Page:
A series of coordinated car bombs in Iraq targeted Shiite pilgrims today, killing at least 72 people in violence that recalled the worst years of Iraq’s insurgency and sectarian civil war, which peaked in 2006-07.
The killings were a reminder that Iraq remains a very dangerous place, though much improved. And just as the bright, prosperous future that many Iraqis dreamed of at the start of the US-led war in 2003 has yet to materialize, so too have many of the basic freedoms it was assumed would flow from regime change.
Iraqi journalists, in particular, are still struggling to report freely and safely about their nation, something that was brought home when Marwan Ibrahim, a longtime reporter for Agence France-Presse, was seriously injured in a roadside bomb attack in the northern city of Kirkuk this morning.
By one count, more than 340 journalists have been killed since the US-led invasion in 2003, and Iraq remains one of the most dangerous nations on earth to be a journalist, according to Freedom House.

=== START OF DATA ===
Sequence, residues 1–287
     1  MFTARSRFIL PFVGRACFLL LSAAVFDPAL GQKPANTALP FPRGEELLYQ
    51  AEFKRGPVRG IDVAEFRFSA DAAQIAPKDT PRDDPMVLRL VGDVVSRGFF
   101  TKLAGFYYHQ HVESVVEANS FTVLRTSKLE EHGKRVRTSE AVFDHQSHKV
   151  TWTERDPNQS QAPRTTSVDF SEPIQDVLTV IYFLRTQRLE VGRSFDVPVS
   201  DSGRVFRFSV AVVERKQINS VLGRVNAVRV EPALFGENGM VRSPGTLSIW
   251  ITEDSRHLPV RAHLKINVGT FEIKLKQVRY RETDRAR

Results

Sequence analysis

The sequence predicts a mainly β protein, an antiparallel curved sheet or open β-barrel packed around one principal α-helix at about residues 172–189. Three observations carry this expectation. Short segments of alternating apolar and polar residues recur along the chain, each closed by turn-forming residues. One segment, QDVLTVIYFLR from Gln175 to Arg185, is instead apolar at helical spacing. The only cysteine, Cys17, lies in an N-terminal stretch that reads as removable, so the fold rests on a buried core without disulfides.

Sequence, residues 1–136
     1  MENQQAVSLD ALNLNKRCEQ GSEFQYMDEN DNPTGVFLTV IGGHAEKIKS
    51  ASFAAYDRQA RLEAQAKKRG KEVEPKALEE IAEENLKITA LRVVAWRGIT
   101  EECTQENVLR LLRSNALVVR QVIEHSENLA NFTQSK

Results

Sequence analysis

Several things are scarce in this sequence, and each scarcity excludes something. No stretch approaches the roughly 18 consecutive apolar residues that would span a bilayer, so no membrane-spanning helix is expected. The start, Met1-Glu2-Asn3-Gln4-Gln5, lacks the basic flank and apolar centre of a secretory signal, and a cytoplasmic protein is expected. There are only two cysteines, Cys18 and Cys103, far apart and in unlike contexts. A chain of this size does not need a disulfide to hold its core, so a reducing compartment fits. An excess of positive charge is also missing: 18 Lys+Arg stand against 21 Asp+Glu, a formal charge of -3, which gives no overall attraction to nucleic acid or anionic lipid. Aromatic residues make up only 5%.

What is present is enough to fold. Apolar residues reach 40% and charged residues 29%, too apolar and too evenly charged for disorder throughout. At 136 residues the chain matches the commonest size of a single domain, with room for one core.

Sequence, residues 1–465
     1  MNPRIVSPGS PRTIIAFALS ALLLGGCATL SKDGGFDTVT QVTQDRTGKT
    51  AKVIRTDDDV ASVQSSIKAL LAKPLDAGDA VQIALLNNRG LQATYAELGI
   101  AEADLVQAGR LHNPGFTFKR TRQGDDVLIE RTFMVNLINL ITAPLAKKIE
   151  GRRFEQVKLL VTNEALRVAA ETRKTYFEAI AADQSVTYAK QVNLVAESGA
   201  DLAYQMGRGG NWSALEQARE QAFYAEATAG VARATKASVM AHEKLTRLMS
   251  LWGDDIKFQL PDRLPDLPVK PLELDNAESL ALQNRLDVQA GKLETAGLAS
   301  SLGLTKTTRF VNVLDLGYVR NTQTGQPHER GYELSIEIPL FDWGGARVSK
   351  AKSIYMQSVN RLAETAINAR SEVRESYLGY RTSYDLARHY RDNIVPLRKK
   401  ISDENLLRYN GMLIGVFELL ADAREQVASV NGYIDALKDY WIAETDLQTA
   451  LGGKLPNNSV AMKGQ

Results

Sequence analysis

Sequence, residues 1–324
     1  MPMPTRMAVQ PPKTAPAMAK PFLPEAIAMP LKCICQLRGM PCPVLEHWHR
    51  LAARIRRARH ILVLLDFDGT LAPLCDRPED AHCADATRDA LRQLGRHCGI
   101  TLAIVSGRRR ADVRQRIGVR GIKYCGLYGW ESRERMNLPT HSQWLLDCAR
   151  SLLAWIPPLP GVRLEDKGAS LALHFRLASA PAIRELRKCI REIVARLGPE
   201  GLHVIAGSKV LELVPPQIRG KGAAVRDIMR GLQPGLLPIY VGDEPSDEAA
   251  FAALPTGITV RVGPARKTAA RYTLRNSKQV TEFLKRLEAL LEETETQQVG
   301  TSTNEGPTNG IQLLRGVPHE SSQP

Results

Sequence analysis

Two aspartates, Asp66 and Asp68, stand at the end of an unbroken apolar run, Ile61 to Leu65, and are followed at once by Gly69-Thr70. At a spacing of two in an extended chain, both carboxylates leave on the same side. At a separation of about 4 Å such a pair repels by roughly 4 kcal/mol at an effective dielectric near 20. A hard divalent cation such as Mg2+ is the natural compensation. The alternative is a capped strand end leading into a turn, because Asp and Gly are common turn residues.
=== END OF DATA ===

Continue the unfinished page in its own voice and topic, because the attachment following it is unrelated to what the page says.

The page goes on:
Today death threats, targeted killings and bombed offices may no longer be as much a daily fact of life as they once were. But Iraqi journalists say that pressure and risks persist in other ways, under the increasingly authoritarian government of Prime Minister Nouri al-Maliki.
“The way of killing journalism, it continues. They are just changing the way of violence to legal violence, under the law,” says Ziad al-Ajili, director of the Iraqi Journalistic Freedoms Observatory, a free speech watchdog.
Deputy Interior Minister Adnan al-Assadi has called media freedom a “threat to national security.” And a new press law under consideration would impose tough penalties for spreading information “against the public interests,” and limit access the Internet.
Freedom House lists Iraq as “not free,” and in its 2011 report said the country “remained one of the world’s most dangerous places for journalists,” complicated by “increasing” restrictions and lawsuits.
“Al Qaeda killed journalists [before],” says Mr. Ajili. “But now the army and police, when they prevent you [from] going to news events or taking pictures or filming, and the government legislates laws to stop you getting information from their sources – so you are dead.”
Ajili should know. He formed his group in 2004 with a string of observers across Iraq, who tabulated killings of journalists, one name at a time.